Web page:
Intriguing hand-drawn map depicting the spread of Azoic strata across the northern US and southern Canada, alongside depictions of characteristic geological features from the map. Azoic strata is an outdated term that refers to geological layers or rock formations that were thought to be devoid of any signs or evidence of life or organic remains.
Presumably the work of an advanced geology student or conceived as a teaching aid for a professor, the map details the coverage of Azoic strata (highlighted in red), which extends through the north of the map. There is also an, apparently misattributed, area with Archean starts in the south. Surrounding the map are artistic depictions of "Beds of Iron Ore" (now commonly known as "Banded Iron Formations") while at the top of the map, the usually-convoluted nature of the oldest Azoic sediments are shown.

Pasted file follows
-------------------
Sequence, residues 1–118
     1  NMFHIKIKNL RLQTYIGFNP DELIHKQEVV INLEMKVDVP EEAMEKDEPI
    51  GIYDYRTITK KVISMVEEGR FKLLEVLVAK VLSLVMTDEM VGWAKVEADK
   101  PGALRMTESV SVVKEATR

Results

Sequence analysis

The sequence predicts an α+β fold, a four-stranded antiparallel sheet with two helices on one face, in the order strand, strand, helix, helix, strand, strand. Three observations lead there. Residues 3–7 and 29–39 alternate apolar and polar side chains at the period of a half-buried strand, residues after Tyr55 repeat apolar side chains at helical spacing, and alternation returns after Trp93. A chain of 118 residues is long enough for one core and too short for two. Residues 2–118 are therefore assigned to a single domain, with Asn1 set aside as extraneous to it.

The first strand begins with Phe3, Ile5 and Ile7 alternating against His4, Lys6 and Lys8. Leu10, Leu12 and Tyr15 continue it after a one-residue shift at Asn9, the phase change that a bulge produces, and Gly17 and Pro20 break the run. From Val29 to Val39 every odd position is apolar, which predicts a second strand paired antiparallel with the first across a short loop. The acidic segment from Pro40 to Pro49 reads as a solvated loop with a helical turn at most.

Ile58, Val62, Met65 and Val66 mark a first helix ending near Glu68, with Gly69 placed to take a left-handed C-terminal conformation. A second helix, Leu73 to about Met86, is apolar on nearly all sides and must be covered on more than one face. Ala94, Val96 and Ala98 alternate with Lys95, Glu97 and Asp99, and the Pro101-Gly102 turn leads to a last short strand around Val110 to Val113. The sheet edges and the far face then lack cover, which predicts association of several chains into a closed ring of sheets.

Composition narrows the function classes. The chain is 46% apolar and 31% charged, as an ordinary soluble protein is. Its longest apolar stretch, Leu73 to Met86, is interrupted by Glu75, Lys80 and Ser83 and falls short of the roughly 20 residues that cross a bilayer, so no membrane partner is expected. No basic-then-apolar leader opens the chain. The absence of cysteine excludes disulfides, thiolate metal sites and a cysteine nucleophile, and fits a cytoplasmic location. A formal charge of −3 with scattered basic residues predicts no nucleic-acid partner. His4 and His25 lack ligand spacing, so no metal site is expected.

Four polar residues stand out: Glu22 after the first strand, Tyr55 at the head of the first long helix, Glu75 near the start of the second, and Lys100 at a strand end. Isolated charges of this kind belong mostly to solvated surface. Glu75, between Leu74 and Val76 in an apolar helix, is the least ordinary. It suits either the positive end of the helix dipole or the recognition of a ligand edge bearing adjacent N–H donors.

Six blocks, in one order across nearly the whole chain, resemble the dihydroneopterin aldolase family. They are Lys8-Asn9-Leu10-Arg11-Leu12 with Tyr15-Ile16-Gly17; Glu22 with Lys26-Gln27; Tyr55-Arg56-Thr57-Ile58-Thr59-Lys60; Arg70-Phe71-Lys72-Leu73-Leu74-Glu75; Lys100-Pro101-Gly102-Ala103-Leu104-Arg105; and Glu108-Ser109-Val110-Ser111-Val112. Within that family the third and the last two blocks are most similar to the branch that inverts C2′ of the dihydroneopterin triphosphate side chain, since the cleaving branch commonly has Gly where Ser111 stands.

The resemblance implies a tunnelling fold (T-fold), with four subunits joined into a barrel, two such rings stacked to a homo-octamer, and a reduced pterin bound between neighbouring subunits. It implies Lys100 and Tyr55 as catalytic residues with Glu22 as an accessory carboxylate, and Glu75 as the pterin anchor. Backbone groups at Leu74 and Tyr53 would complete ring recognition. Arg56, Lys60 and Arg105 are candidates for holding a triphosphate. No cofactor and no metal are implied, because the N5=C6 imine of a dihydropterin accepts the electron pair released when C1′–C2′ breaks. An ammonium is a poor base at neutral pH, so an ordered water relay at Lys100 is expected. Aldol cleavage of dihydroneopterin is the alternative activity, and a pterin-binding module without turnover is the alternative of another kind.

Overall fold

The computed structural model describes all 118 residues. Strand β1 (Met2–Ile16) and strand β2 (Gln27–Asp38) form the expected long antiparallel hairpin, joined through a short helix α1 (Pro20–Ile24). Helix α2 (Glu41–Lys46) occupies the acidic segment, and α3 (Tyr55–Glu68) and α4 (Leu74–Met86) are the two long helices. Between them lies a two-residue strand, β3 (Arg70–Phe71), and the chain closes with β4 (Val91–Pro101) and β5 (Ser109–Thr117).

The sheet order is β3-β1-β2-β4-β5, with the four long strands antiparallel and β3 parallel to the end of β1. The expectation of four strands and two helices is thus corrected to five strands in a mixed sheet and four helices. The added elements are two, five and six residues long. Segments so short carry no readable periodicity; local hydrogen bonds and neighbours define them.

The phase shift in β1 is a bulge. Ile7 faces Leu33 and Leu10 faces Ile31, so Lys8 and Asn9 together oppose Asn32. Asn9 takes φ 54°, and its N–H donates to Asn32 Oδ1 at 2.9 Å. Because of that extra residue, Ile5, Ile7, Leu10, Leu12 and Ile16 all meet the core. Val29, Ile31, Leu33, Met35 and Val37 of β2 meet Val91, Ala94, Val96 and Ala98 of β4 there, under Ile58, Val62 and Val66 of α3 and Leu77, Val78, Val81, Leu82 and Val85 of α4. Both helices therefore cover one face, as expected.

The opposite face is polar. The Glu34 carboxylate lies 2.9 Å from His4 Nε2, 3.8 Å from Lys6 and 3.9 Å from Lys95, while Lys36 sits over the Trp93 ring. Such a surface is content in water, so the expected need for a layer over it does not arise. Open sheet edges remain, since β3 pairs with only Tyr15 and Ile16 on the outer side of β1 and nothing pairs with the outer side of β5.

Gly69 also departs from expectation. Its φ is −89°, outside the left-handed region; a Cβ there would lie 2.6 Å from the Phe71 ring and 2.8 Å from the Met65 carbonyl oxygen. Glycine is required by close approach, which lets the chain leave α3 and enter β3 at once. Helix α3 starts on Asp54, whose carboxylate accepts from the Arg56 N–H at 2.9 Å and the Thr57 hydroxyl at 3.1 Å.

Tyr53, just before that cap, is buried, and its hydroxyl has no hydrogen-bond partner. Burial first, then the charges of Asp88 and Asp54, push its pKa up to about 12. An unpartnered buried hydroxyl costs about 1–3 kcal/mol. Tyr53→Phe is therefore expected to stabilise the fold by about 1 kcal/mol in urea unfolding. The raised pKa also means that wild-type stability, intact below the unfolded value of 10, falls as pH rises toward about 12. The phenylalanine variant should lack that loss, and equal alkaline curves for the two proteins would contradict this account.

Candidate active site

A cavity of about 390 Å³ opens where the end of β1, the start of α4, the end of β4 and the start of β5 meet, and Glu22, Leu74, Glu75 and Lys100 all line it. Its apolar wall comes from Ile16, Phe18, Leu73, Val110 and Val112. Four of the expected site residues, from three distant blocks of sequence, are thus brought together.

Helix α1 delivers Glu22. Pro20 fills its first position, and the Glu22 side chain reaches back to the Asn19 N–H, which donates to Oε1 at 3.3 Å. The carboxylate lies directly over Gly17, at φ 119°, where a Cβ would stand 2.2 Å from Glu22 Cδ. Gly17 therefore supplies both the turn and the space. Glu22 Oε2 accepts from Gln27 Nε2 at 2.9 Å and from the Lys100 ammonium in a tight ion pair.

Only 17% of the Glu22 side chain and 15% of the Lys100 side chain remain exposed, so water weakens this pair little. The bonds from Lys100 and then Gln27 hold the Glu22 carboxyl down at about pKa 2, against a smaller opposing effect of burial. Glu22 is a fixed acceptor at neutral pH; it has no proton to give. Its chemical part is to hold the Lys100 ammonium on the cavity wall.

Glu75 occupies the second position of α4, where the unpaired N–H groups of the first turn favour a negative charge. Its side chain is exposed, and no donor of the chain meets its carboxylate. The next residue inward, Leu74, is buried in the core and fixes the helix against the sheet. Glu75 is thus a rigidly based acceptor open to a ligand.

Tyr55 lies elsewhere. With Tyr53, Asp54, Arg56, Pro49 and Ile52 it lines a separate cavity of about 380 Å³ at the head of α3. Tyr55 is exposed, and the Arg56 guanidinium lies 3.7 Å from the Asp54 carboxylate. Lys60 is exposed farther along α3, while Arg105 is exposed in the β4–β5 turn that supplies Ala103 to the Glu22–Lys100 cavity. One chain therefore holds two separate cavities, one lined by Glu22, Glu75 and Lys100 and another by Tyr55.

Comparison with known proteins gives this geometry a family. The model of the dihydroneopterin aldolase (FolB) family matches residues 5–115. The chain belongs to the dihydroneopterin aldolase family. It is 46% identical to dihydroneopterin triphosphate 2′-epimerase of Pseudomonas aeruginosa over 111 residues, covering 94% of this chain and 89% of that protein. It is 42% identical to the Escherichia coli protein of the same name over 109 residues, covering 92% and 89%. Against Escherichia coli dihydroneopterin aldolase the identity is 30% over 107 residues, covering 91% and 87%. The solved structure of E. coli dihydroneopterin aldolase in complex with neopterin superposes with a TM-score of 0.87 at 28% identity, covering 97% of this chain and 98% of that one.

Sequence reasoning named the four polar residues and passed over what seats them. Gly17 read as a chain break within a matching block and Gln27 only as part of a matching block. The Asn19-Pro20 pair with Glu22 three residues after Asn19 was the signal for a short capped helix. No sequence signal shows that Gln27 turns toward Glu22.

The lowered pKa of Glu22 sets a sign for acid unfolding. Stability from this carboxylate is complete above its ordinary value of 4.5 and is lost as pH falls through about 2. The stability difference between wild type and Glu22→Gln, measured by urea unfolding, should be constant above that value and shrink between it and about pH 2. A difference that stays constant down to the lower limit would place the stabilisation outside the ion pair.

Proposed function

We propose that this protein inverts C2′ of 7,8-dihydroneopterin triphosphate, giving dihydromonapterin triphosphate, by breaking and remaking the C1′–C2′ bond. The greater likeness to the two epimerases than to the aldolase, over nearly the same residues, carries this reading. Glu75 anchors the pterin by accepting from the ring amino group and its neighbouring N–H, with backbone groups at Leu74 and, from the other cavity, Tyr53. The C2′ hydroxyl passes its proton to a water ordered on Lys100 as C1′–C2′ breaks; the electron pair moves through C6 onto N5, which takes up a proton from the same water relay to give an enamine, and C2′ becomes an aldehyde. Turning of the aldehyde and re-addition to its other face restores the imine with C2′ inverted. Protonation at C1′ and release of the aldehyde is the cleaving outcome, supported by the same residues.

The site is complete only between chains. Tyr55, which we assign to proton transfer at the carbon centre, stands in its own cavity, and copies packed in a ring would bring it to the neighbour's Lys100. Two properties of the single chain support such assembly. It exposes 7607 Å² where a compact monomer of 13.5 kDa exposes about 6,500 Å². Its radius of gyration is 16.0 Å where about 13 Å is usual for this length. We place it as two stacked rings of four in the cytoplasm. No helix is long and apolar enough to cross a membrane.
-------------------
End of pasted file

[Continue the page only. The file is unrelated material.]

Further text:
The depiction of fossils in the lower left includes some misunderstandings of fossil evidence. The work claims that "the only forms of plant life were the sea weed and of animal life minute animalculae." In fact, recent work has shown that large, complex organisms were alive during the last part of this period, now known as the Ediacaran.
Today, the term Azoic, which literally means "without life," has fallen by the wayside. It has been replaced with the more modern terms Archaen and Proterozoic, which, combined, span from the earliest period of modern earth (about 4 billion years ago) to the start of the Cambrian, roughly 550 million years ago.
We conclude that the map is from circa 1890, based on the use of the term Azoic, which would see a sharp decline in usage after 1900. This is consistent with the dating of a map of the Carboniferous era that we attribute to the same creator, which seems to show an understanding of that period consistent with the late-19th-century.